Fishcakes are one of the ultimate comfort foods - but is there an equally comforting wine pairing?
Being surrounded by peaches and nectarines at the moment has reminded me what a brilliant match they are for a glass of dessert wine. And, surprisingly, even for a red!
Despite the emphasis that winemakers place on the different crus or terroirs of Chablis three factors seem to me to influence a food match more than any other for most of the Chablis you’ll taste - the age of the wine, the vintage and the degree of oak influence, if any.
Although not the problem they're generally made out to be tomatoes do have an influence on a wine pairing.
There’s one wine that’s invariably recommended as a pairing for duck and that is Pinot Noir but of course duck, like any other meat, can be cooked in different ways. How does that affect the match?
As we swelter through an unusually hot August here are my top wine pairings for one of my favourite summer foods, prawns - or shrimp as they’re known over the pond.
Wheat beers are fabulously flexible when it comes to food matching - the beer world’s equivalent of a crisp white wine.
Meatballs are essentially comfort food so you don’t want to drink anything too fancy with them but you do need something equally delicious - usually red in my book
If I had to sum up the best food pairing for albarino in one word it would be seafood. Which makes sense considering where it comes from on the coast of Galicia in the Rias Baixas region of northern Spain.
Winemakers like to tell you that their wines go with everything but in the case of Grüner Veltliner, Austria’s best known white wine, it’s true.
When we think of pairing wine with lasagna (or lasagne, whichever way you spell it) it’s probably the meaty version that’s uppermost in our minds but these days, as you know, there are many variations. As with pasta sauces, then, your wine choice should reflect the other ingredients in the dish.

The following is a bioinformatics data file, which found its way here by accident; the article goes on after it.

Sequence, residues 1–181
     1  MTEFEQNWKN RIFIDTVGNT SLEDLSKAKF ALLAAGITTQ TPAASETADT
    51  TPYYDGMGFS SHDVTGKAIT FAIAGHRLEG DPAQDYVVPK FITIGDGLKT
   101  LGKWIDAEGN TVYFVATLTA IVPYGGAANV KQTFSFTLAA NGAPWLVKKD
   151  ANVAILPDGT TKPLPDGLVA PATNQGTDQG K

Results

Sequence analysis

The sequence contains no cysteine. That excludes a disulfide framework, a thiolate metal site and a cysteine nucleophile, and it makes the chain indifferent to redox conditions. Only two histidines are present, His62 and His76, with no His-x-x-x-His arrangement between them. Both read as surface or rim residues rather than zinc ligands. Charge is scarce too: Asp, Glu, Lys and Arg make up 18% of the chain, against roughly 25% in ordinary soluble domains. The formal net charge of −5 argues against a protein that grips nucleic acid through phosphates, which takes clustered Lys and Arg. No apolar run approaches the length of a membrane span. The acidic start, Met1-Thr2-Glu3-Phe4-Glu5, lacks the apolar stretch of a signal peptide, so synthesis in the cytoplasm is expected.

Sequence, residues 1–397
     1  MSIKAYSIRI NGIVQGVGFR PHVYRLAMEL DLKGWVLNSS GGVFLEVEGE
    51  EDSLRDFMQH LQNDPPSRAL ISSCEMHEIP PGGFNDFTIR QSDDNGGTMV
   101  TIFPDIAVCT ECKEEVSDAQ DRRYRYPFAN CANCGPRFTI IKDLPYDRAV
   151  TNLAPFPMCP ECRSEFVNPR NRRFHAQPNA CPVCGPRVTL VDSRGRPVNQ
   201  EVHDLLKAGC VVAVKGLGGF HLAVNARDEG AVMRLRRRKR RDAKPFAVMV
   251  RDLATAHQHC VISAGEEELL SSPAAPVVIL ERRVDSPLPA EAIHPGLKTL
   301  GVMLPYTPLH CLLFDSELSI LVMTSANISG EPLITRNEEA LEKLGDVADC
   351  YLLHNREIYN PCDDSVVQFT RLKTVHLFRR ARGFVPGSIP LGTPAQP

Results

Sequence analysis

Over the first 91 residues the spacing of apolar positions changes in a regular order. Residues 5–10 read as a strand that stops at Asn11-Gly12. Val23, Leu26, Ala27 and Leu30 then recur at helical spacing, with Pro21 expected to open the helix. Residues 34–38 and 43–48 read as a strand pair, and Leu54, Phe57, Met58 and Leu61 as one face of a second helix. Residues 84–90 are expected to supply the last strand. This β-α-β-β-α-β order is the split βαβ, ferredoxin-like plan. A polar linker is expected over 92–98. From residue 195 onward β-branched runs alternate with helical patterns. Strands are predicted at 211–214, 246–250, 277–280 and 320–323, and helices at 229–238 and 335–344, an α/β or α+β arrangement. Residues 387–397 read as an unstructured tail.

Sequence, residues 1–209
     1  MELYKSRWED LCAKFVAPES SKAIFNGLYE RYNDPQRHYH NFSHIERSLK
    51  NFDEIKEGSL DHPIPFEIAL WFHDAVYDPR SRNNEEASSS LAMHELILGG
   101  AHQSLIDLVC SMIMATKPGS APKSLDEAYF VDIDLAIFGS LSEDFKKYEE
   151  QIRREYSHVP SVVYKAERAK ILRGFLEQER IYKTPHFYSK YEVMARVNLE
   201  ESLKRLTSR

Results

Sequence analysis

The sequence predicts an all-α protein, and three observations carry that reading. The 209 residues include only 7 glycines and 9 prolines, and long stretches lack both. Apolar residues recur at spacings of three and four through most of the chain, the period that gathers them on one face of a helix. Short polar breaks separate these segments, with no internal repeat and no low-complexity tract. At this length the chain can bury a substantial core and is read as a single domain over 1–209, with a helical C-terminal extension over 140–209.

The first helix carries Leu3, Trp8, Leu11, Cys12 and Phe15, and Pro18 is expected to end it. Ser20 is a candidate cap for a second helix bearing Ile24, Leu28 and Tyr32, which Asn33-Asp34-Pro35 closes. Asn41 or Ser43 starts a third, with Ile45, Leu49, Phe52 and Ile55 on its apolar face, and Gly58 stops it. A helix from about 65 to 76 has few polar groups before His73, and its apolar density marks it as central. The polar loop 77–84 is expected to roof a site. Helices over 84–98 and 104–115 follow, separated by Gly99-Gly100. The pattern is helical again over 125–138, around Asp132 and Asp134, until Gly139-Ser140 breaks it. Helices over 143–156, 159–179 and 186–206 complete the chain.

Sauternes is a famously luscious sweet wine from the Bordeaux region of France but what kind of food should you pair with it?
Despite the recent increase in interest in Mexican street food like tacos consumers in the UK still have to take to tequila (maybe because they’re too busy drinking gin) but in fact it’s an attractive and versatile spirit to pair with food
Aubergine - or eggplant as it’s called in the US - doesn’t have a strong flavour of its own but tends to enrich any dish in which it’s included especially when baked with tomatoes and cheese.
Salmon is in many ways the chicken of the fish world - an ingredient you can serve in many different ways and therefore match with a number of different wines.
Beetroot is one of the few vegetables that pairs better with red wine than with white - not only for the colour though that tends to put the brain on auto-suggest - but its rich, earthy sometimes sweet flavour.
Hard sheep’s cheeses are the winelover’s friend.
Artichokes have the reputation of being a wine-killer but as with most of these diktats the problem is over-played. True, artichokes can make even dry whites taste oddly sweet but that doesn’t account for the different ways in which they are cooked and how they are served.
Cherry is one of the fruit flavours most often found in wine and liqueurs so does that make them a good pairing for cherry desserts? It depends how intense the cherry flavour is.